Also on that last point, Dr. Gilmartin writes that many victims actively resist the concept of aggressively taking a sense of responsibility for and control of their day-to-day physical activity:
“A sustained physical fitness program will not be found in the day-to-day life of an individual who views the world as a victim and who doesn’t have proactive and disciplined time management.
But the individual who sets aside time four or five times a week to take responsibility for his/her physical fitness will also take responsibility for other personal life aspects that may have been previously been put on the back burner or abandoned.
“The very act of engaging in physical fitness means you’re taking control and responsibility for your time and actions each day.”
Finally, Dr. Gilmartin offers this piece of advice:
“Decide to survive.”
Survivors, he writes, place the central issues in their lives in their own control. They understand what they can control and what they can’t. They focus on doing their best, and then move on to more important things in life.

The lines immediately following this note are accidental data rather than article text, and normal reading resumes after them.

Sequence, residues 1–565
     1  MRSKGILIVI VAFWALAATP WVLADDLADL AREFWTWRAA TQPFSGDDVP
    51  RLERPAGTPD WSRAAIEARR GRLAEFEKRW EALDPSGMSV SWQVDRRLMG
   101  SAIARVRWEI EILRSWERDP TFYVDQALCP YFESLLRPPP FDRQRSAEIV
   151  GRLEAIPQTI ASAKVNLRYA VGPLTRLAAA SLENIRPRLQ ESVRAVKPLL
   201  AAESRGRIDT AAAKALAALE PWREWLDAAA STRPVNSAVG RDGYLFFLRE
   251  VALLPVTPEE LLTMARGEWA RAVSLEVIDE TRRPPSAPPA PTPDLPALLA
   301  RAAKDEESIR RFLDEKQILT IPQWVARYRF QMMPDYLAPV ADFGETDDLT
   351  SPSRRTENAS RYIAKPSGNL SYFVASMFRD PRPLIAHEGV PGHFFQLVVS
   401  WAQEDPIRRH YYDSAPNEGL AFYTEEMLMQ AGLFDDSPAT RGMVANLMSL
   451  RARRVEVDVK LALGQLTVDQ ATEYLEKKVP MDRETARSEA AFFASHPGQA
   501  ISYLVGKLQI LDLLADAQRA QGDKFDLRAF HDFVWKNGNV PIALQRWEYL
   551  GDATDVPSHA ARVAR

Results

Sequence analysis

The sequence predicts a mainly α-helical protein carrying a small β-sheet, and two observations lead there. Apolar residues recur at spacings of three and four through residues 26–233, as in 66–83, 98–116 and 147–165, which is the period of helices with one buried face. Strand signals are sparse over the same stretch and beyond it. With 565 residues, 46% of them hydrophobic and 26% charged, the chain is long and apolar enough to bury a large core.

Survivors may appear to finish in last place, but that’s because they are usually running a different race.
(1) Kevin M. Gilmartin, PhD. Emotional Survival for Law Enforcement. E-S Press. 2002.
Q: How have you been able to change “obsessive anxiety about dying” into a healthier survivorship model?
- Hypervigilance: waiting for that second heart attack
- Looking for meaning in a meaningless diagnosis
- How expecting recovery can help heart attack survivors
- Where’s the “survivorship” model for heart patients?
- Cardiac care for the whole patient – not just the heart